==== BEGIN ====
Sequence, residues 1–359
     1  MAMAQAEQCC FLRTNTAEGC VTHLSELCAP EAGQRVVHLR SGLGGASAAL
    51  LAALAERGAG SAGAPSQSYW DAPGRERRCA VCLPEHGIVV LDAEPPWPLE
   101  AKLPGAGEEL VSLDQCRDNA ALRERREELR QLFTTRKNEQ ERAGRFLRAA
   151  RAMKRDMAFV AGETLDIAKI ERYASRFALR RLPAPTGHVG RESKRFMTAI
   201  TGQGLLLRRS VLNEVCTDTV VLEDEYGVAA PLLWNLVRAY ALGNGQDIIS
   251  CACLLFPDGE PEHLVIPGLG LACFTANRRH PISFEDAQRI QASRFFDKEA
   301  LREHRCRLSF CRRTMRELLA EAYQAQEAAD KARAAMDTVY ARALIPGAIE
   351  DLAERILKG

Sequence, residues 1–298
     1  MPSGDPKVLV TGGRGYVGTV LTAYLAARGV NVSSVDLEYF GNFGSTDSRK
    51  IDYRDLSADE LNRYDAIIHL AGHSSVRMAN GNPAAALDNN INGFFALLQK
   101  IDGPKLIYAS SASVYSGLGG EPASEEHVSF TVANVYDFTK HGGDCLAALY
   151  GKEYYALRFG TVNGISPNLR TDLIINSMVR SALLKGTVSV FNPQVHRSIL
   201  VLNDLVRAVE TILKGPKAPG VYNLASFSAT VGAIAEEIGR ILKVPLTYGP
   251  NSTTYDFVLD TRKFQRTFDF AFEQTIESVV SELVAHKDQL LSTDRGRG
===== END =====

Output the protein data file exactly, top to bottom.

Sequence, residues 1–359
     1  MAMAQAEQCC FLRTNTAEGC VTHLSELCAP EAGQRVVHLR SGLGGASAAL
    51  LAALAERGAG SAGAPSQSYW DAPGRERRCA VCLPEHGIVV LDAEPPWPLE
   101  AKLPGAGEEL VSLDQCRDNA ALRERREELR QLFTTRKNEQ ERAGRFLRAA
   151  RAMKRDMAFV AGETLDIAKI ERYASRFALR RLPAPTGHVG RESKRFMTAI
   201  TGQGLLLRRS VLNEVCTDTV VLEDEYGVAA PLLWNLVRAY ALGNGQDIIS
   251  CACLLFPDGE PEHLVIPGLG LACFTANRRH PISFEDAQRI QASRFFDKEA
   301  LREHRCRLSF CRRTMRELLA EAYQAQEAAD KARAAMDTVY ARALIPGAIE
   351  DLAERILKG

Sequence, residues 1–298
     1  MPSGDPKVLV TGGRGYVGTV LTAYLAARGV NVSSVDLEYF GNFGSTDSRK
    51  IDYRDLSADE LNRYDAIIHL AGHSSVRMAN GNPAAALDNN INGFFALLQK
   101  IDGPKLIYAS SASVYSGLGG EPASEEHVSF TVANVYDFTK HGGDCLAALY
   151  GKEYYALRFG TVNGISPNLR TDLIINSMVR SALLKGTVSV FNPQVHRSIL
   201  VLNDLVRAVE TILKGPKAPG VYNLASFSAT VGAIAEEIGR ILKVPLTYGP
   251  NSTTYDFVLD TRKFQRTFDF AFEQTIESVV SELVAHKDQL LSTDRGRG